Amy Dickinson is a general advice columnist.
DEAR AMY: My daughter has a group of girlfriends I don't particularly care for, but I try to stay out of it and work with her on values to gently move her away from this group. My problem is that the parents of these friends keep asking me to go out with them. I'm sure they may be trying to be nice, but I have been out with them a couple of times, and I don't enjoy it at all. They are gossipy, listen to only one side of a situation and believe it, are impressed by people who have and wear expensive things and need you to agree with their political views, which they have no problem voicing. I don't want to be a snob, but it feels like high school all over again! Some of the kids in the group seem to be a lot like their parents. Obviously mine is too (or is a follower), which is why I have work to do with her. I keep coming up with excuses not to participate, and I can tell one mother is ticked at me. I want to know what to do until I can get my daughter to move away from these girls and to a more genuine friendship group. If I point-blank tell her she can't hang with them, or if my lack of participation gets her thrown out of the group, I know she will be very upset with me.
Sick of High School
DEAR SICK: You don't say how old your daughter is, but one lesson for you to convey to her is that -- although family members influence one another -- you don't choose her friends. She does. And she needs to choose wisely. But she doesn't choose your friends either.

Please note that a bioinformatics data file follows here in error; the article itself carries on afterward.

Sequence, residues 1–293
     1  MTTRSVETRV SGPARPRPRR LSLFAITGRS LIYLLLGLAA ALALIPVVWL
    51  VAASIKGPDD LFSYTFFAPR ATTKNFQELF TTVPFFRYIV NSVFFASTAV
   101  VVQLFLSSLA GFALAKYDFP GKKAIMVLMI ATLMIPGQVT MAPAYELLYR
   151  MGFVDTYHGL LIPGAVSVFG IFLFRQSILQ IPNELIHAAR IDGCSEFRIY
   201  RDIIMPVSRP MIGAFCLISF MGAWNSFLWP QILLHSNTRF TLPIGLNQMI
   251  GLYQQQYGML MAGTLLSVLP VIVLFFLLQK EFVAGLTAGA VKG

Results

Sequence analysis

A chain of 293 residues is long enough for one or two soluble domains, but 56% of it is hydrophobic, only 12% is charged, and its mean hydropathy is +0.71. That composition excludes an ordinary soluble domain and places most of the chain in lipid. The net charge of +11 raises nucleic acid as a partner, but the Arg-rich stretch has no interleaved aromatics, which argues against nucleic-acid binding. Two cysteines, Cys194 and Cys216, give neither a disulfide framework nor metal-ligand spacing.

You obviously have a low opinion of these girls and their parents, but you should do your best to continue to be polite toward people who are making a real effort to get to know you. You are not obligated to spend time with them, however. Be honest with your daughter about your own choices. If this upsets her, talk about it.
If the mean girls retaliate and toss your daughter from the group, then you will both see up close the reality of this sort of high-stakes socializing.
Author Rosalind Wiseman (literally) wrote the book on this dynamic: Read "Queen Bees and Wannabes: Helping Your Daughter Survive Cliques, Gossip, Boyfriends, and the New Realities of Girl World" (2009, Harmony).
DEAR AMY: Recently I remarried my ex-husband (we have known each other 35-plus years). Last December I was verbally assaulted by his younger sister and so I decided to ignore her. Prior to our recent wedding, there have been joint family functions, which she refused to attend. She did come to the wedding; in greeting my guests I did not go to her table -- nor did she approach me. Thanksgiving is at our house this year and I do not know if she will come. What I do know is it is going to be challenging to have her in my home with her negative attitude. I don't want to tell my husband his sister can't come. Do I let her have a piece of my mind and demand that she be cordial in my home, or should I do my best to just ignore her?
DEAR UPSET: You should not have to demand, but should expect cordiality -- and you should extend it to all of your guests. If there is a confrontation you feel needs to happen, you should contact her beforehand. Your focus should be on honoring your remarriage by rebuilding your in-law relationships, but this does not mean you have to tolerate being abused.
DEAR AMY: "Sad Wife" wrote to you about infidelity. A sentence of hers jumped out at me: "We are approaching retirement age, so neither of us has a lot of time to rebuild a life with someone else." I believe this is utter nonsense. There is no expiration date on finding a partner. As long as she thinks this way, she is limiting her options. She needs to change her attitude.
DEAR OPTIMISM: I completely agree.